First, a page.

ALBANY -- A new report shows New York's public authorities have added billions of dollars in debt over the past five years and had a balance of $151 billion at the end of 2012.
The 45 state public benefit corporations, established to finance, build and manage public projects, have increased debt $23.8 billion, or almost 19 percent, since 2008.
The report by the Authorities Budget Office notes almost $59 billion is state-obligated debt, an additional $41 billion is owed by the authorities themselves from their own revenues and $51 billion was issued for third parties. A large chunk was refinancing old debt at lower rates.
The Dormitory Authority, which builds and finances projects with tax-exempt bonds for both state and nonprofit colleges, hospitals and other entities, topped the list at $44.5 billion, up $10 billion. That's followed by the Metropolitan Transportation Authority, which operates public transit systems in the greater New York City area, up $5 billion to $31.5 billion.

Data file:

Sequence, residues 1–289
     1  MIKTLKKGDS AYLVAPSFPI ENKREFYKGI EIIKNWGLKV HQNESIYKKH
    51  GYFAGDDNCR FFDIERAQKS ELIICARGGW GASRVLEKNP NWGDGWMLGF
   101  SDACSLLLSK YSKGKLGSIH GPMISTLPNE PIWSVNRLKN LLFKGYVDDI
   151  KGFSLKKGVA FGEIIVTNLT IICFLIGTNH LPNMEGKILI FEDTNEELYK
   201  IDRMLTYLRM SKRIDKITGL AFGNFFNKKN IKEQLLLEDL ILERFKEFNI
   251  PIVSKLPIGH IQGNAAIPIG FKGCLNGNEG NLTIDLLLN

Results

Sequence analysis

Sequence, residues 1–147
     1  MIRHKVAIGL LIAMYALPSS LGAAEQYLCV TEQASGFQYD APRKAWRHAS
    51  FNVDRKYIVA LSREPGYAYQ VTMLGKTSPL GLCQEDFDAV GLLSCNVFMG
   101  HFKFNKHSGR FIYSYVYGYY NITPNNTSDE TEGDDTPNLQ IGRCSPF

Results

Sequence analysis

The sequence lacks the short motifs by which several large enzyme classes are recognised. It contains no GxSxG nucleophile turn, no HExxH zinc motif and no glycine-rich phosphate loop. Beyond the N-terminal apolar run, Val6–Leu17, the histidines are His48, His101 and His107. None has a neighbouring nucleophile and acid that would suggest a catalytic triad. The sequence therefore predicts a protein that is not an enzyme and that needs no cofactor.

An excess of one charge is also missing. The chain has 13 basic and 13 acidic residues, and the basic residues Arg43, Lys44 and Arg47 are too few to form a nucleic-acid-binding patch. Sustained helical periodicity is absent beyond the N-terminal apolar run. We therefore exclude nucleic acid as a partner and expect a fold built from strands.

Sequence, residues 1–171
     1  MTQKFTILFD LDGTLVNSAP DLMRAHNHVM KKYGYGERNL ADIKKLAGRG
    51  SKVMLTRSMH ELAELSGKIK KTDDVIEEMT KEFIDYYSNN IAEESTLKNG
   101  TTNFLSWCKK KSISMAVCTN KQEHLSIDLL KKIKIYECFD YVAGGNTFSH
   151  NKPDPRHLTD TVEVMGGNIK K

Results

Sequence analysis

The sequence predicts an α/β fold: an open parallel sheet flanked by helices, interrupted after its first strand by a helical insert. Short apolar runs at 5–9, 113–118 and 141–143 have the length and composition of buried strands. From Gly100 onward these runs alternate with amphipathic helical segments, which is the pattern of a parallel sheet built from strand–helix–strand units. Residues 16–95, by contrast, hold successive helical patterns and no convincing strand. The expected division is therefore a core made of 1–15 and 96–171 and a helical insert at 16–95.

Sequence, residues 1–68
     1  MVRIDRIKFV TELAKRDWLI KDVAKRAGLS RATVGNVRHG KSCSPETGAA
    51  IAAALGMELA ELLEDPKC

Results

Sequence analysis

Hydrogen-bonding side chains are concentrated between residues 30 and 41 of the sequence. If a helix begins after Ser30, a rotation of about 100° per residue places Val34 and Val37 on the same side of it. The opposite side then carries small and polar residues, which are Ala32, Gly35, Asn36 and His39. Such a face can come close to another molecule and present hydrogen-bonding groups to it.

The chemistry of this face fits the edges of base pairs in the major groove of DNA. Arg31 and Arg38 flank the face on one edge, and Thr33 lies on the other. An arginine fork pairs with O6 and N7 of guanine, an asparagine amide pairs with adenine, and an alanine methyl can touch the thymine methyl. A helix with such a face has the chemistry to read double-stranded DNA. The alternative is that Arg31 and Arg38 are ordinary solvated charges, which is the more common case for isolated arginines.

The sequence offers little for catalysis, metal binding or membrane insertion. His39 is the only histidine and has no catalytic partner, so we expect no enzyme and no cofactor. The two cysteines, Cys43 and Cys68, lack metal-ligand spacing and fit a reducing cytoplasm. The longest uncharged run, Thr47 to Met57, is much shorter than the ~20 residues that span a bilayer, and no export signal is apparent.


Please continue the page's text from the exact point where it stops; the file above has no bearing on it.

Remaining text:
The report also shows that debt for 528 local authorities, including 112 industrial development agencies, rose over the same period from $44.6 billion to $68.4 billion, up 53 percent, mainly in New York City.
Authorities Budget Office director David Kidera said the office has more than doubled the total of public authorities covered by the report since the first one was issued in 2007. They have largely focused on pursuing and identifying nonprofit corporations created by or affiliated with local governments.
"We're pretty close to capturing at least all the ones we know about," he said.
The report shows that 280 IDA projects received almost $183 million in financial assistance over five years based on commitments to create 9,100 new jobs but have fallen short by 1,642 jobs.
"We're not saying they didn't create jobs. We're saying they missed the commitment target they promised or negotiated in original agreements in 2008," Kidera said. The authorities have maintained that some of the economic development projects take a few years to create new jobs and show results, and the five-year measure allows for that, he said.